Why Maradona is Elvis to Messi’s Beatles and United’s defeat is Peter Drury’s fault

There are three obvious conclusions to be drawn from the remarkable denouement to the UEFA Champions League quarter finals.

1. Lionel Messi is now as great as Maradona.2. The thrilling, globally renowned, debt-ridden, Premier League has passed its sell by date.3. Manchester United’s ageing side needs completely rebuilding.

These are the obvious conclusions. But they are all, to varying degrees, wrong.

Lionel Messi is not as great as Diego because he has not yet won the World Cup almost single-handed, although he has an opportunity to make up for that this summer.

Nor has he powered a side as mediocre as Napoli in the 1980s to the league title.

You can argue about whether Messi has Maradona’s talent or not but their track records, so far, suggest Diego is the greater player. His feats should be a challenge and an inspiration to Messi, much as Elvis’s were for the Beatles.

The Beatles, Elvis and Shane MacGowan pose for a nice snap together

The Premier League is not spent as a European force. If Arsene Wenger, instead of his old disciple Claude Puel, had been drawn against Bordeaux, the Gunners may well have reached the semi-final.

Chelsea had the misfortune to be eaten up by Jose Mourinho’s charisma machine but would probably have beaten CSKA. And United, down to ten men and with their greatest player marginalised, came within 16 minutes of the last four.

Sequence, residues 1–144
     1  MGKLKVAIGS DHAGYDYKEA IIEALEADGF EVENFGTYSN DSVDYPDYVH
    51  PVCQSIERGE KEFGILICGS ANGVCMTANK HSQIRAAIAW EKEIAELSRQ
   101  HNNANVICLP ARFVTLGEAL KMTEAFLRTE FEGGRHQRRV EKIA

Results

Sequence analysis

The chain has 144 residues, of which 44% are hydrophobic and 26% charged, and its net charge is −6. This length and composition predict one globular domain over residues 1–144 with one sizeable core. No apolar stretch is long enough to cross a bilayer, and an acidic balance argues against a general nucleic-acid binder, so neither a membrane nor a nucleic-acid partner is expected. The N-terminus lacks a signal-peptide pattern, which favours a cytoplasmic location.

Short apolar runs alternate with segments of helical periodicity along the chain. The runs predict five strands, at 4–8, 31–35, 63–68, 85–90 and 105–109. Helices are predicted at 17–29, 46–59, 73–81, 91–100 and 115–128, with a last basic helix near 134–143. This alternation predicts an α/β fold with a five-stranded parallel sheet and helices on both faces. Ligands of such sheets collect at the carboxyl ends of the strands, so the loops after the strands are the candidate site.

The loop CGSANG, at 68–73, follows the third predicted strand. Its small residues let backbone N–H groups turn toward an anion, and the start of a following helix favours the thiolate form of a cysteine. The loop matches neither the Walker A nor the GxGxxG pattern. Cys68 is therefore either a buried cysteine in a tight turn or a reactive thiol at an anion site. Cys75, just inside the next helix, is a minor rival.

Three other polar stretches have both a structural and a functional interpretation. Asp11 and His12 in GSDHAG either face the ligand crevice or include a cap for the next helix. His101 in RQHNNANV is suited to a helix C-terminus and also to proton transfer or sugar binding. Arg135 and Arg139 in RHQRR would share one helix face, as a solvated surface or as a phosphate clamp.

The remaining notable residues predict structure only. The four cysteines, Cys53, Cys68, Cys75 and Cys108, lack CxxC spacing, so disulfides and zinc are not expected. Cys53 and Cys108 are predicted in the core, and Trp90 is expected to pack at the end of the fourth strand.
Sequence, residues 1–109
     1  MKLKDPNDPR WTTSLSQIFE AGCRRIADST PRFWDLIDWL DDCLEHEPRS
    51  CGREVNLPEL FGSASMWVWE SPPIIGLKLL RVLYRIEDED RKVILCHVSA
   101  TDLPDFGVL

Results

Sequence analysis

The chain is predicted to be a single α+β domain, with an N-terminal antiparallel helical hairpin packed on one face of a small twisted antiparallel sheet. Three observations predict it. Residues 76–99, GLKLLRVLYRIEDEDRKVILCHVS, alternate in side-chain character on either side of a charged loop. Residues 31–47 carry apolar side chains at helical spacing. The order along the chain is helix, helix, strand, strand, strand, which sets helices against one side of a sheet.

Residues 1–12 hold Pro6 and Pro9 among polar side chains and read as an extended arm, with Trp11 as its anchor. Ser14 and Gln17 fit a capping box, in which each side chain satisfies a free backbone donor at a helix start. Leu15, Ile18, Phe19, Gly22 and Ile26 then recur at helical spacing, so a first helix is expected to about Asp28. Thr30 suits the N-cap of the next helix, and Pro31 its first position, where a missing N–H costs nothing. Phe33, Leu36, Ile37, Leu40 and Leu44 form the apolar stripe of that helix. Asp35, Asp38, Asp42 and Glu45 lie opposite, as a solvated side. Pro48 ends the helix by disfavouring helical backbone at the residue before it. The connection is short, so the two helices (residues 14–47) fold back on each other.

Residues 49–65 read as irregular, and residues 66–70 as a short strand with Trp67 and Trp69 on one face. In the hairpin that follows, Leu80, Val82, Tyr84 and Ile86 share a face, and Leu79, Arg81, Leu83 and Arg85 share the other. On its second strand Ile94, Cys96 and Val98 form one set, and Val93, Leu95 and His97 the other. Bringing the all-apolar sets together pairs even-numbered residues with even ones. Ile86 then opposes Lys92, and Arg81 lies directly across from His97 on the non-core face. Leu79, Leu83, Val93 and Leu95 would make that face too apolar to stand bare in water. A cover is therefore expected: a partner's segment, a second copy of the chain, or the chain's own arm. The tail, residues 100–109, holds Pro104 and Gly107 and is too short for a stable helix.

There are a lot of ifs, buts and probablys in that last paragraph, but that is the nature of football – especially in the UEFA Champions League. The margin between victory and defeat – unless you’re playing Barcelona – are thinner than a slice of Ryvita.

And it’s quite conceivable that one, two or three Premiership teams might reach the last four in 2010/11. This season should be regarded as a useful corrective, a salutary lesson, rather than, as FIFA president Sepp Blatter might like to think, a crucial tipping point in the evolution of football.

And so to United. They did field an ageing team against Chelsea but as Mark Ogden concedes in the Daily Telegraph, Ferguson has successors to Neville, Giggs and Scholes in place.

As a thoughtful constructor of teams, Sir Alex Ferguson started taking bets on young players years ago. Some – Nani, Darren Gibson, Rafael (despite his dismissal), Antonio Valencia and Park Ji-Sung – look like paying off. Others – Anderson – look more dubious. 

Valencia, Rooney and Nani - the next holy trinity?

Ferguson obviously found defeat an embittering experience judging from his post-match remarks about “typical Germans” but the morning after the game he was probably at Carrington training ground before the first sparrows had passed wind plotting his next moves.

If he compares his side to Pep Guardiola’s, he may feel that he is short of another assured passer in midfield to vary the attack (reducing the reliance on the flanks), a top class holding midfielder (in the prolonged absence of Owen Hargreaves) and an Ibrahimovic-type striker to partner Rooney.

Dimitar Berbatov has the talent to be the latter, but his rapport with Rooney seems poor and he doesn’t, as Alan Hansen pointed out on Match of the Day after the Chelsea game, always make the runs you would expect from a player with his innate gifts.